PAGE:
"For developed economies, the period since the global financial crisis has been characterized by exceptionally slow labour productivity growth.
Much of this weakness has been attributed to sluggish private and public investment, due to subdued demand, fiscal austerity, fragile bank balance sheets, and elevated policy uncertainty over the period. However, productivity growth in developed economies has been on a downward trend since the 1970s and 1980s, suggesting that structural factors are also at play. "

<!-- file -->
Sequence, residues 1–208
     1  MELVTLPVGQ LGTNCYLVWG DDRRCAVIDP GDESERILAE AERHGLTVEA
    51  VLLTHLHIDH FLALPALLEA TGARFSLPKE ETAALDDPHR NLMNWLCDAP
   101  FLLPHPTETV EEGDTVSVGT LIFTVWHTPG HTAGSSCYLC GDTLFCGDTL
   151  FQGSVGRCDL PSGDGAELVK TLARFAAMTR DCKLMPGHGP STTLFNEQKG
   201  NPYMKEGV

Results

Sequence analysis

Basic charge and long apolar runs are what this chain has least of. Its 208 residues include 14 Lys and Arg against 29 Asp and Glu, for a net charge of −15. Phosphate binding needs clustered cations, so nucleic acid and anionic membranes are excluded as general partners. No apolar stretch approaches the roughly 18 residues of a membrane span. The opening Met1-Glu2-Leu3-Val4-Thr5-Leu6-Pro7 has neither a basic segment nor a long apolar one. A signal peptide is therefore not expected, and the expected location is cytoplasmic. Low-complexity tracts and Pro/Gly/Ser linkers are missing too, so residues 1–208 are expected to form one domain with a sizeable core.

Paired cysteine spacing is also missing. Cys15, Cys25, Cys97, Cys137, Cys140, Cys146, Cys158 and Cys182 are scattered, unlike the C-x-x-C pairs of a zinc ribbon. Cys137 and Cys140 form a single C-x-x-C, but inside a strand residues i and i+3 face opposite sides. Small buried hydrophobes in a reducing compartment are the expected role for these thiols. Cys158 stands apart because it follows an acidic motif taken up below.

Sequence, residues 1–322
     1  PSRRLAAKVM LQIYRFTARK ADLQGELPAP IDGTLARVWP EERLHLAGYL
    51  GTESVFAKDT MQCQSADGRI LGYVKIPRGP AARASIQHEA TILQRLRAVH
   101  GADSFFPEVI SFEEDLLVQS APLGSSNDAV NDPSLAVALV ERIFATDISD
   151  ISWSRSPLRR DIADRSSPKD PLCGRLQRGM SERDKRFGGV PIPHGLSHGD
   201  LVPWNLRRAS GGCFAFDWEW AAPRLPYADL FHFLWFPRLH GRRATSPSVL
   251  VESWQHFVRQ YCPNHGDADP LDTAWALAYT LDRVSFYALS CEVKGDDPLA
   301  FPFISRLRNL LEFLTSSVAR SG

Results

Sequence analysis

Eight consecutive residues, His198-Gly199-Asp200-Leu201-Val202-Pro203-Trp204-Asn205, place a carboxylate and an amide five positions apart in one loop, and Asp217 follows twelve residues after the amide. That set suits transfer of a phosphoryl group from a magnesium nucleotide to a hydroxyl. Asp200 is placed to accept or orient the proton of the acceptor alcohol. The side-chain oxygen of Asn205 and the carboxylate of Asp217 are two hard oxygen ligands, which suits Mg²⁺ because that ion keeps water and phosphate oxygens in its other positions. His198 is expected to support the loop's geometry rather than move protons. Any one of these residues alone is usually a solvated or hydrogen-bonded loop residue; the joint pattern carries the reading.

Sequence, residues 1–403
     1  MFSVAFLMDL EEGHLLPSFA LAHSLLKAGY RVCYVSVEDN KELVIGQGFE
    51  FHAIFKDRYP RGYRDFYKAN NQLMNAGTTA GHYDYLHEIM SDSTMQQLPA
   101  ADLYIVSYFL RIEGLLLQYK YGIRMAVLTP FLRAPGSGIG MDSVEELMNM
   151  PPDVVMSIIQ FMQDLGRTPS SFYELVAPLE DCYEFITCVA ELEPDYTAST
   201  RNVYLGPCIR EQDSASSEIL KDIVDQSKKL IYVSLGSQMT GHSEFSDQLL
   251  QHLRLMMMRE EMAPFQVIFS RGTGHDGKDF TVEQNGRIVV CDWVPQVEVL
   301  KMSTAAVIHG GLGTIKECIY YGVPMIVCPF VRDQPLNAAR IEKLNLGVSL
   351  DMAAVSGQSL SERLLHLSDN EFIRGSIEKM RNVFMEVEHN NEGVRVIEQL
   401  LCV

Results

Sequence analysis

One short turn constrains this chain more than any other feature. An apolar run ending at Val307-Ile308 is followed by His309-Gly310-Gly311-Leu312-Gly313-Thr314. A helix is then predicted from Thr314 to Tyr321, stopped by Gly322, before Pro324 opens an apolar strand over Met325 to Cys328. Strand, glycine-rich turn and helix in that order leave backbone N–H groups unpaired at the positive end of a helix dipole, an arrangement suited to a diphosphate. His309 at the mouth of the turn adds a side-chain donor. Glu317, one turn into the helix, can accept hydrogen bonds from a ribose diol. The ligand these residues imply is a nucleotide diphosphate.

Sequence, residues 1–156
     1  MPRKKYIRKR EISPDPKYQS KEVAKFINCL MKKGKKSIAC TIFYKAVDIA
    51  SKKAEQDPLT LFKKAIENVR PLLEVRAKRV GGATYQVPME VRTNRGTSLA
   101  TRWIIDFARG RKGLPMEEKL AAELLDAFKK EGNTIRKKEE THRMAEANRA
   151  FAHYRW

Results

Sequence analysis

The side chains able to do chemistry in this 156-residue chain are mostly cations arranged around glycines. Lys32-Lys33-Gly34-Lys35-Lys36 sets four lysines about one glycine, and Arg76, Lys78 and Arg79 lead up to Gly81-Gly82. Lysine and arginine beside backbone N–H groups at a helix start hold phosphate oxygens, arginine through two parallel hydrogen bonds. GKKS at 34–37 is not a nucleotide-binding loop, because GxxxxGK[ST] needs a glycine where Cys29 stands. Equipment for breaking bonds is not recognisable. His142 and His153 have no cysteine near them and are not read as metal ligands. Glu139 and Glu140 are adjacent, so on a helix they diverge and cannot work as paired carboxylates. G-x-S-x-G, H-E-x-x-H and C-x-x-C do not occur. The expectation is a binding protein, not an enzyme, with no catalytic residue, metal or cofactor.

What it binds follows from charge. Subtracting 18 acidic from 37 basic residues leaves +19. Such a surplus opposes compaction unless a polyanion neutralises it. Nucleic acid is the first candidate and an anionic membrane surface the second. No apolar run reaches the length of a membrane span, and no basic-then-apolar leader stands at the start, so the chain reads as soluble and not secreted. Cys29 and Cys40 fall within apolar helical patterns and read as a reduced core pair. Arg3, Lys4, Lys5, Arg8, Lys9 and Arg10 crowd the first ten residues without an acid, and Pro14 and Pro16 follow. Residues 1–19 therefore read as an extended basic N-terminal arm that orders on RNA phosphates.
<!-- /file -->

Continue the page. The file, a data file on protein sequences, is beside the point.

"From a socioeconomic perspective, high or rising levels of economic inequality that prevail in many parts of the world economy pose a fundamental challenge to robust growth, poverty reduction and sustainable development. Inequality in income and wealth often goes hand-in-hand with other forms of inequality, such as political inequality, health inequality and inequality in opportunities, threatening prospects for social cohesion."